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I am wondering what is the derivative of the following function with respect to $x(t)$ in sense of distributions. $$ I\left(\int_0^t x(\tau)d\tau \leq c\right) $$ where $I$ is the indicator function and $c$ is a constant.

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I don't think one can interpret such a derivative in the sense of distributions. Distributions generalize locally integrable functions; they require an underlying measure. The space of functions $x(t)$ is infinite-dimensional and does not carry a natural measure. A functional on this space is not a distribution, and neither is its derivative.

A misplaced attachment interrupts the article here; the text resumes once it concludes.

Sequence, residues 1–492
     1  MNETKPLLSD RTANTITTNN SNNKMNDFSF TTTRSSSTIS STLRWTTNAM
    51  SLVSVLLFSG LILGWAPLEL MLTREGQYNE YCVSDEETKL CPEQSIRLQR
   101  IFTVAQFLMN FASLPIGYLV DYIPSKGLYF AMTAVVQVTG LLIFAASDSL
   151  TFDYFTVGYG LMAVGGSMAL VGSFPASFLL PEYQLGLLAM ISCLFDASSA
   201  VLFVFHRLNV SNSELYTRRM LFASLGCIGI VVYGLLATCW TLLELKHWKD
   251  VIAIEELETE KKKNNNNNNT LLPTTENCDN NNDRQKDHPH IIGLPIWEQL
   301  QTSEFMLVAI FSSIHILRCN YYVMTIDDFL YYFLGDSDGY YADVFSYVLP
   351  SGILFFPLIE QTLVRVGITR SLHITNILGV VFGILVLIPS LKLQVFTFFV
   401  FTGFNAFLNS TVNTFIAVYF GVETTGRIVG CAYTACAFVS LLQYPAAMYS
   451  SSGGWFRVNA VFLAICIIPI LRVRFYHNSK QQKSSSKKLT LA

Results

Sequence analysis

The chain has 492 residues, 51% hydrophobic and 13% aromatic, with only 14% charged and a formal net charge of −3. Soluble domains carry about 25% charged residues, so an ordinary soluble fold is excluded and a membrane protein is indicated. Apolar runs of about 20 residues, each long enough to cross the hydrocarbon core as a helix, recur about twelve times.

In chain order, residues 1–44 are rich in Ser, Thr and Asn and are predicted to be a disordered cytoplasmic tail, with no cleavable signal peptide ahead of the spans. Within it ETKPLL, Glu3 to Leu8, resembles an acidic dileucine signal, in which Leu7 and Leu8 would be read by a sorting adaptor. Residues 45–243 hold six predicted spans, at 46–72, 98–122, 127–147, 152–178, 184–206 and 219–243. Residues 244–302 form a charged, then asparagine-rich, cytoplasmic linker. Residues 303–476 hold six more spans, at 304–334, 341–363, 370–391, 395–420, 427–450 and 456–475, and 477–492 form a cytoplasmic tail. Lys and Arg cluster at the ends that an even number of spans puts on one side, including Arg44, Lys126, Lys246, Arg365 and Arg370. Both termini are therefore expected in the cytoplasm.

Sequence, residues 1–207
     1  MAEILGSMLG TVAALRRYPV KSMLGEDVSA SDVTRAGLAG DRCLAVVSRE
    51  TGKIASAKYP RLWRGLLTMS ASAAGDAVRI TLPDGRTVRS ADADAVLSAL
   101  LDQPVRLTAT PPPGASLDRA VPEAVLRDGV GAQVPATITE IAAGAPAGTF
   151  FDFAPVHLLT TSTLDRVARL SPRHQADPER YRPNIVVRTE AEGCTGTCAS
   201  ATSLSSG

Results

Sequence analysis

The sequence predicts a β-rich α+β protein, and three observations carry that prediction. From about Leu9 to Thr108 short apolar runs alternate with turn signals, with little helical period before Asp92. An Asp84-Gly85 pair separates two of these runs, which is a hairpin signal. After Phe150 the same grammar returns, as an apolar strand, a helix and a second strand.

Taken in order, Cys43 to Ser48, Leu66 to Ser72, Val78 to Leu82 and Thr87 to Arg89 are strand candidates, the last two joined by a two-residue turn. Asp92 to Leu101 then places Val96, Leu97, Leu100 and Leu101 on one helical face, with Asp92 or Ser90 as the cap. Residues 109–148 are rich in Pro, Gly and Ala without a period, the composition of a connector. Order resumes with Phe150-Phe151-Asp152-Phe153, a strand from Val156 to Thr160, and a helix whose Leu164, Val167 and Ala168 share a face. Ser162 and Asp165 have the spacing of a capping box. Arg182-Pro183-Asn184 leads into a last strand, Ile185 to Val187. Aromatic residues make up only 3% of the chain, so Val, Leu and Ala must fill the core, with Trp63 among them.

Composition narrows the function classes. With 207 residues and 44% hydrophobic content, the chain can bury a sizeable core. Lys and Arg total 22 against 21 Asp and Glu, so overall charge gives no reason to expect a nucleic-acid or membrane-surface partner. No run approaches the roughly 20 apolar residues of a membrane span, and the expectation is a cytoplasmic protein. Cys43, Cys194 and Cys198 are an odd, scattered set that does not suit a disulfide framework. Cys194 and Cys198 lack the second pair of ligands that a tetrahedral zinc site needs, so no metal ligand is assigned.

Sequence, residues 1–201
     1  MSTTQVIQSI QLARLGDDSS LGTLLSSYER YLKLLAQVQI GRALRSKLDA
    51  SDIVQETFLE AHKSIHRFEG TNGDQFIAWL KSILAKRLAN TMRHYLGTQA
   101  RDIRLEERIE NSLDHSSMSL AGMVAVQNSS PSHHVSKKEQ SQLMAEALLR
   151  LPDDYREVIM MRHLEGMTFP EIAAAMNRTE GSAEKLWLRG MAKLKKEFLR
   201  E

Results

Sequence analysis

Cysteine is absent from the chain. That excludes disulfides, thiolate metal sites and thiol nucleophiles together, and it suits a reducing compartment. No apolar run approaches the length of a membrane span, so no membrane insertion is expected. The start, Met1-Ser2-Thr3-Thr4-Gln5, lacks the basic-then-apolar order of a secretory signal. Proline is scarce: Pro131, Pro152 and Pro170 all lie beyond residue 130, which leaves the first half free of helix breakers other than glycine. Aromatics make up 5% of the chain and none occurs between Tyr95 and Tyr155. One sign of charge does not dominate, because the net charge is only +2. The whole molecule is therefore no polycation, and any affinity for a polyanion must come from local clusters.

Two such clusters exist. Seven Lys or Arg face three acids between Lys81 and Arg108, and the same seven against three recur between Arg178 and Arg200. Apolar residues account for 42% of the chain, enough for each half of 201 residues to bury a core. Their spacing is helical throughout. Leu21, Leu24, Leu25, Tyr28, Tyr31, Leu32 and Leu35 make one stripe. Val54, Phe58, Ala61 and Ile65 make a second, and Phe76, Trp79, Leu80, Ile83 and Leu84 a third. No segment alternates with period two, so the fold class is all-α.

Formally, replacing $x(\tau)$ with $x(\tau)+\epsilon \phi(\tau)$ and taking the derivative with respect to $\epsilon$ at $\epsilon=0$ taking the difference of indicator functions, and passing to the limit we arrive at something that can be written as $$ \delta\left(\int_0^t x(\tau)\,d\tau = c\right)\,\operatorname{sign} \phi \tag1$$ The meaning of (1) is that integrating $$ \delta\left(\int_0^t (x(\tau)+\epsilon\phi(\tau))\,d\tau = c\right)\,\operatorname{sign} \phi $$ over $\epsilon \in (a,b)$ gives $$ I\left(\int_0^t (x(\tau)+b\phi(\tau))\,d\tau \ge c\right)- I\left(\int_0^t (x(\tau)+a\phi(\tau))\,d\tau \ge c\right)$$

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